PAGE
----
For conviction u/s 411 IPC, it must be established that the accused had knowledge that the property was stolen property: Supreme Court

The Supreme Court ruled that for the conviction u/s 411 IPC, it must be established that the accused had knowledge that the property was stolen property.


The challenge in the appeal is to the judgment in the Criminal Appeal whereunder the appellant’s conviction by the trial Court under Section 411 of the Indian Penal Code, 1860, was sustained by the High Court.

For such conviction, the appellant was sentenced to rigorous imprisonment for 2 years and fine of Rs. 1,000 and in default of fine payment, additional R.I. for 3 months was ordered.


Advocate Lav Kumar Agrawal, appearing for the appellant, submitted that the essential ingredients of Section 411 IPC offence are not at all made out as the prosecution has failed to adduce any evidence to show that the accused had knowledge that the seized articles were stolen from the looted truck.

He argued that unless the knowledge of the accused on the nature of the articles sold by them is established, his conviction under Section 411 of the IPC cannot be sustained in law.

Advocate Gopal Jha, appearing for the Respondent State contended that there are adequate material and evidence on record which establishes the guilt of the accused, beyond reasonable doubt.

He submitted that as the articles were being sold at cheaper rates would lead to the logical inference that the ingredients under Section 411 of the IPC are satisfied against the appellant.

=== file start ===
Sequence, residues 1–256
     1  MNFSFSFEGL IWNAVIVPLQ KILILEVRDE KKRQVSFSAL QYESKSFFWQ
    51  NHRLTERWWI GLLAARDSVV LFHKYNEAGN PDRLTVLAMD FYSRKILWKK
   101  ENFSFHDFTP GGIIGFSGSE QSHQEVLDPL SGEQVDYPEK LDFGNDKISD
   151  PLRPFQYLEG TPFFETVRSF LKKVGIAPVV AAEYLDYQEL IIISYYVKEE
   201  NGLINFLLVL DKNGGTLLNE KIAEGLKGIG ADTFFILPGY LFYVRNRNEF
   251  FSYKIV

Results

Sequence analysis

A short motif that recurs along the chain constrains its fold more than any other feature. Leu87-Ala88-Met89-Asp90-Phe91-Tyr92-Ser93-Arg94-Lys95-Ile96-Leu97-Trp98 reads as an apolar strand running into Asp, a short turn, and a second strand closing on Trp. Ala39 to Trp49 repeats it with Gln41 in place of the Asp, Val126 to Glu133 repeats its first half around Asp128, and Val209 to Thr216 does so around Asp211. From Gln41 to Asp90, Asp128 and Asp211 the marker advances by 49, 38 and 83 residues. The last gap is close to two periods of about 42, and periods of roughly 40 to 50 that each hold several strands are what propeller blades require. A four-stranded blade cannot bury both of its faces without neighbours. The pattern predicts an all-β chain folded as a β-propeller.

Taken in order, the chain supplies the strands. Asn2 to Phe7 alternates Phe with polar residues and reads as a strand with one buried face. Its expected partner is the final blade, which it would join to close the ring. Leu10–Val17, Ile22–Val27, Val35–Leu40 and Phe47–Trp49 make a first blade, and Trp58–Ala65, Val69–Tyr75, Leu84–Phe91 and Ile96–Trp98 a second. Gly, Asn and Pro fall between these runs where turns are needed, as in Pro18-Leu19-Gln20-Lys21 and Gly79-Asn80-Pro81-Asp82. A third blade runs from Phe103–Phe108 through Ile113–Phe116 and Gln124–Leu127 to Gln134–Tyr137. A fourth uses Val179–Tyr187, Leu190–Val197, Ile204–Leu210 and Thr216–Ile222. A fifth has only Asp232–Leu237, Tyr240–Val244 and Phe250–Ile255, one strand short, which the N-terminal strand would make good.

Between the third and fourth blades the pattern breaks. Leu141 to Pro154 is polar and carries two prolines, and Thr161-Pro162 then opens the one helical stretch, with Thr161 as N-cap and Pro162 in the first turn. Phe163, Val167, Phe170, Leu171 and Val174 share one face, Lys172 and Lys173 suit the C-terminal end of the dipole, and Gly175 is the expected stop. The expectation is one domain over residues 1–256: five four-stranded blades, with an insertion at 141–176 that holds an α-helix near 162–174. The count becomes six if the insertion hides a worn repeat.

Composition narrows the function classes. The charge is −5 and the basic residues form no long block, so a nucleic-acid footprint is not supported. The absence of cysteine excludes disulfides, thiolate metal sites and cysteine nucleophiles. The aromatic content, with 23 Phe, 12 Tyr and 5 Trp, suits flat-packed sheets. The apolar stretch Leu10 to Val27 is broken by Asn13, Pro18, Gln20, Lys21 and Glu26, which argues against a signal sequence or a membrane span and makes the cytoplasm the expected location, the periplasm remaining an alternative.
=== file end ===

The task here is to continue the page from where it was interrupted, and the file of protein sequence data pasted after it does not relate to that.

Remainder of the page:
The division bench of Justice K.M. Joseph and Justice Hrishikesh Roy stated that although recovery of items was made, the prosecution must further establish the essential ingredient of knowledge of the appellant that such goods are stolen property.

“Reliance solely upon the disclosure statement of accused Raju alias Rajendra and Sadhu alias Vijaybhan Singh will not otherwise be clinching, for the conviction under Section 411 of the IPC,” the court observed. 

The bench said that the initial possession of the goods in question may not be illegal but retaining those with the knowledge that it was stolen property, makes it culpable.

The court further stated that the prosecution has failed to establish that the appellant had the knowledge that articles seized from his possession are stolen goods.

“The disclosure statement of one accused cannot be accepted as a proof of the appellant having knowledge of utensils being stolen goods” the court added.

The bench observed that the factum of selling utensils at a lower price cannot, by itself, lead to the conclusion that the appellant was aware of the theft of those articles.

“The Prosecution’s evidence on this aspect, as they would speak of the character Gratiano in Merchant of Venice, can be appropriately described as, “you speak an infinite deal of nothing” the court cited.

The court while ordering the acquittal of the appellant said that by applying the test in Trimbak, it must be held that the appellant was erroneously convicted.

Case title: Shiv Kumar v/s The State of Madhya Pradesh

Citation: CRIMINAL APPEAL NO. 1503 OF 2022

Click here to read the Order/Judgment

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